I would refer to the novel as a history book, as it not only focuses on those times, but the present too. It touches on the issue of identity African-Americans face, as they were forcibly uprooted from their homes and placed in a strange and new environment. The wounds of slavery are still being felt today, and this story touches on them

It’s a heartbreaking tale and can enrage you, knowing what our people went through, but lets us know that we should appreciate the lives we have today. Our freedom. Our independence..

โ€œWe believe the one who has power. He is the one who gets to write the story. So when you study history, you must ask yourself, Whose story am I missing? Whose voice was suppressed so that this voice could come forth? Once you have figured that out, you must find that story too. From there you get a clearer, yet still imperfect, picture.โ€

Yaa Gyasi, Homegoing

Stay With Me – Ayobami Adebayo

This novel touched my heart in all the right places. I experienced all emotions known to man. I’ve read it twice and would do it again in a heartbeat

Adebayo shares a story known to many married couples. She tackles the good and bad times in marriage through the two main characters, Yejide and Akin. These two university sweethearts were basically relationship goals. However, being relationship goals doesn’t exempt you from having problems.

In this part of the world, once you get married, babies are expected to appear immediately, and if they don’t society looks at you sideways. Adebayo touches on these issues, as Yejide and Akin face fertility problems and after 4 years of marriage, no baby exists. It’s very common for women to be the first to be blamed for the lack of children, and Yejide is no exception to this.

She faces the threat of being replaced by a second wife, and goes through the most extreme measures to make sure she isn’t.

Though all characters in this book are fictitious, they represent so many people in our society. This is a plus as it teaches grave and relevant lessons we all need, to be honest.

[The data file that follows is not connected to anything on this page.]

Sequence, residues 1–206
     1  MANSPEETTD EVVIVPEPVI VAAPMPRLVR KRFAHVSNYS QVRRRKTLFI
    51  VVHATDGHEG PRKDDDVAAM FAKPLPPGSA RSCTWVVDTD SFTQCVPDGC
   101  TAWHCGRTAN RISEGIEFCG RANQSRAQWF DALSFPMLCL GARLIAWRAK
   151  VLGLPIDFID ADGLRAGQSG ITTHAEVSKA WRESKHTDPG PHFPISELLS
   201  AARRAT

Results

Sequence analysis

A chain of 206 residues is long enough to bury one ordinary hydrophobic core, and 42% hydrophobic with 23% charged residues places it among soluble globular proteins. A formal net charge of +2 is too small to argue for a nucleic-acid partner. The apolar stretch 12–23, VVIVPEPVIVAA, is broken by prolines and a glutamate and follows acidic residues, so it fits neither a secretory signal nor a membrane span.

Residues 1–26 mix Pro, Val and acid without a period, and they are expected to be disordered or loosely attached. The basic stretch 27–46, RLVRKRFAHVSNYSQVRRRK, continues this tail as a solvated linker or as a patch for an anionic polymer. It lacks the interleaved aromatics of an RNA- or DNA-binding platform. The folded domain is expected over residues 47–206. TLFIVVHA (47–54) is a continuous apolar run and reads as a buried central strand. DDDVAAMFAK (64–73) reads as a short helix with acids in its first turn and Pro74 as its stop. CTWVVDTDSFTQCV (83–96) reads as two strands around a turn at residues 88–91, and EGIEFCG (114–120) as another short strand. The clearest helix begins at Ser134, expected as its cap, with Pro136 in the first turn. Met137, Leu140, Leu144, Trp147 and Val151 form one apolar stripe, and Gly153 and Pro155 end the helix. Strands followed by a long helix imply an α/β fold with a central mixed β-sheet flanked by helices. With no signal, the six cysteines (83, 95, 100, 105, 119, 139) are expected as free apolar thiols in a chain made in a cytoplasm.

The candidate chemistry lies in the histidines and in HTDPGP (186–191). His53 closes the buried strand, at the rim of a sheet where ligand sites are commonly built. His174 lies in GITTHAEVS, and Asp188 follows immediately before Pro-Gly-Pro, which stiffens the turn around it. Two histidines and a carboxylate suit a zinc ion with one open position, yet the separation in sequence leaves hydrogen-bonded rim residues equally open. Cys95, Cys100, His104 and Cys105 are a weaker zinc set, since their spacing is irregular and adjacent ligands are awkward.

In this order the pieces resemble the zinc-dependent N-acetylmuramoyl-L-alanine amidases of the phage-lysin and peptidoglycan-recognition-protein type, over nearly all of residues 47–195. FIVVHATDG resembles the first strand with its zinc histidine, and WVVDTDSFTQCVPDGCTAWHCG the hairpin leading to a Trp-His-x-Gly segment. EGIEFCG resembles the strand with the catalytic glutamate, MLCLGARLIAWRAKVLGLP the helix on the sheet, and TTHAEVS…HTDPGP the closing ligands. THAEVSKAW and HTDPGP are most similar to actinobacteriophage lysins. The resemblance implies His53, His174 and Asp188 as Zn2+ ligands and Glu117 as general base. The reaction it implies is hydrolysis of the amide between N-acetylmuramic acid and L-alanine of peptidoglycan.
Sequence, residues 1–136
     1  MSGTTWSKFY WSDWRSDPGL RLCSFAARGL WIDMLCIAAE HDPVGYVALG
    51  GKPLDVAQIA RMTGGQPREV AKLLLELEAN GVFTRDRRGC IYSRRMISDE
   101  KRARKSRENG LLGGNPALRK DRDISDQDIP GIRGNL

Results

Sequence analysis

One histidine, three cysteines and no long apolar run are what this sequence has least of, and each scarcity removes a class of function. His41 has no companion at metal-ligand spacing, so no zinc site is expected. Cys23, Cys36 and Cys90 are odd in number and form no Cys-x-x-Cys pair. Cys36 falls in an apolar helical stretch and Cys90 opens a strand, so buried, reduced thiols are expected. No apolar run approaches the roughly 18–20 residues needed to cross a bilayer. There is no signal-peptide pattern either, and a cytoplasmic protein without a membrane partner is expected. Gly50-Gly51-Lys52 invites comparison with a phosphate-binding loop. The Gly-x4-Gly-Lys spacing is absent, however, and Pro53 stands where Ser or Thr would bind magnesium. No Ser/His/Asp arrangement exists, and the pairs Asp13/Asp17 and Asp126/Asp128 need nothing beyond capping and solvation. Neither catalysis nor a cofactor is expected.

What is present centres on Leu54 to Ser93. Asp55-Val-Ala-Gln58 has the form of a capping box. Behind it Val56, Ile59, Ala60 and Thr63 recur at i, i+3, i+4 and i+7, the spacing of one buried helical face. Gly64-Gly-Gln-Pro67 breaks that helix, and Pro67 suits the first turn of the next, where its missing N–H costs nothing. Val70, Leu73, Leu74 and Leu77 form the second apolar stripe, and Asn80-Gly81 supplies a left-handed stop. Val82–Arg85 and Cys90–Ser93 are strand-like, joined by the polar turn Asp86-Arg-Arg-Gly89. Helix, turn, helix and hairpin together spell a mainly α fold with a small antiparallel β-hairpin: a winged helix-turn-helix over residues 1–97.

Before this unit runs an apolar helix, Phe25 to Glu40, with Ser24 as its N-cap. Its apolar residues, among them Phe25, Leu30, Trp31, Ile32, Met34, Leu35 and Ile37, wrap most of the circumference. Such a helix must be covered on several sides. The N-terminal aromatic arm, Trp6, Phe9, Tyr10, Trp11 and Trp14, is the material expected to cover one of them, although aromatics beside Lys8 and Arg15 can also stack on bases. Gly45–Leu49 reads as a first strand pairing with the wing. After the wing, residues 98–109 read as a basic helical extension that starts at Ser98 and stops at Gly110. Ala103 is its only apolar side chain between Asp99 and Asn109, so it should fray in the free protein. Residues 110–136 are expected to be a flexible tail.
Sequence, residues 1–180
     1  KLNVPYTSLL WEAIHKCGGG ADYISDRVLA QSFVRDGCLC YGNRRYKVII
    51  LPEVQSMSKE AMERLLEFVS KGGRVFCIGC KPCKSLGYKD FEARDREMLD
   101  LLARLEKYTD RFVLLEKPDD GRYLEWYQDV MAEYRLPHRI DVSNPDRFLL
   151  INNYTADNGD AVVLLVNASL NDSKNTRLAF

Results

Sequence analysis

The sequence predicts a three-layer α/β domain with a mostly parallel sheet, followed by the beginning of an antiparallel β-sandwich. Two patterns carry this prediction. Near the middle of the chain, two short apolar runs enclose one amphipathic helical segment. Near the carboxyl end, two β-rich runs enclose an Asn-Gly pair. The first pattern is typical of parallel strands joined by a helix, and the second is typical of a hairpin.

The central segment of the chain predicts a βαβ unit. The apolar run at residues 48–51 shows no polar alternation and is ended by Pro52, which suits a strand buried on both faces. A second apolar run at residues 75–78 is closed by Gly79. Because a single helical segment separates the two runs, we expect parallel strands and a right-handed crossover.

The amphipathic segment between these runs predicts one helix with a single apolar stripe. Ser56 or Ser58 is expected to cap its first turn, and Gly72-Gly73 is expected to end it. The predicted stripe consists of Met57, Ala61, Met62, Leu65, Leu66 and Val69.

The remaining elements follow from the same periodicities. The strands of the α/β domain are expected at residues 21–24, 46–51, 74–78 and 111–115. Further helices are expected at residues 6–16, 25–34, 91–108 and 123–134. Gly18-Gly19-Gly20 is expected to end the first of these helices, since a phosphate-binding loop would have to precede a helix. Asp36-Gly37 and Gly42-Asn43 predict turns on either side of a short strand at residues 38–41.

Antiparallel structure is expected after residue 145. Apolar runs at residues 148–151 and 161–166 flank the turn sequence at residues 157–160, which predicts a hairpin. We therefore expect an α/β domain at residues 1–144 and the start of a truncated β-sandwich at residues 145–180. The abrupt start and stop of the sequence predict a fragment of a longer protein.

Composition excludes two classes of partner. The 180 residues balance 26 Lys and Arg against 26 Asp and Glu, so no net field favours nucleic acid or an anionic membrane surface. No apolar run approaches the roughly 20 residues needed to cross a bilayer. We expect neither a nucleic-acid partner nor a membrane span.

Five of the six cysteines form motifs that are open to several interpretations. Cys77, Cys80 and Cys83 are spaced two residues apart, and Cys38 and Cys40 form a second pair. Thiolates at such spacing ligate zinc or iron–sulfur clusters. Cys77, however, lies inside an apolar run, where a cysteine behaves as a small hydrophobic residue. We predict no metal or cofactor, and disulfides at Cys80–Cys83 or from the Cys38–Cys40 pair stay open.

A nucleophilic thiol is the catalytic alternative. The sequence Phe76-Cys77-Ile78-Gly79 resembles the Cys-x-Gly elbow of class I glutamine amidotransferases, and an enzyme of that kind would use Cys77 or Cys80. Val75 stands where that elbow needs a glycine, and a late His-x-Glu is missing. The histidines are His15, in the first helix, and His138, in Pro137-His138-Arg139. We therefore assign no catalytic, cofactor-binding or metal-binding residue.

It’s a fast and interesting read that keeps you wanting more!

โ€œIf the burden is too much and stays too long, even love bends, cracks, comes close to breaking and sometimes does break. But when it’s in a thousand pieces around your feet, that doesn’t mean it’s no longer love.โ€

Ayobami Adebayo, Stay With Me

These 4 books should keep us busy during this period, and I’m also going to challenge myself to read more.

These are the books I intend on reading:

  • The Joys of Motherhood – Buchi Emecheta
  • Born a Crime: Stories from a South African Childhood – Trevor Noah
  • Blackass – A. Igoni Barrett
  • Housegirl – Michael Donkor

Once, I’m done, I’ll let you know how they were.

Before we end, I would like to give a quarantine tip:

It’s always helpful to follow a schedule once at home to create a balance, in order to avoid over and under-working.

Happy quarantine and happy reading guys!

Thanks for reading!

Don’t forget to follow!

X

One reply on “Accra, Let’s Read!”

Leave a Reply

Fill in your details below or click an icon to log in:

WordPress.com Logo

You are commenting using your WordPress.com account. Log Out /  Change )

Google photo

You are commenting using your Google account. Log Out /  Change )

Twitter picture

You are commenting using your Twitter account. Log Out /  Change )

Facebook photo

You are commenting using your Facebook account. Log Out /  Change )

Connecting to %s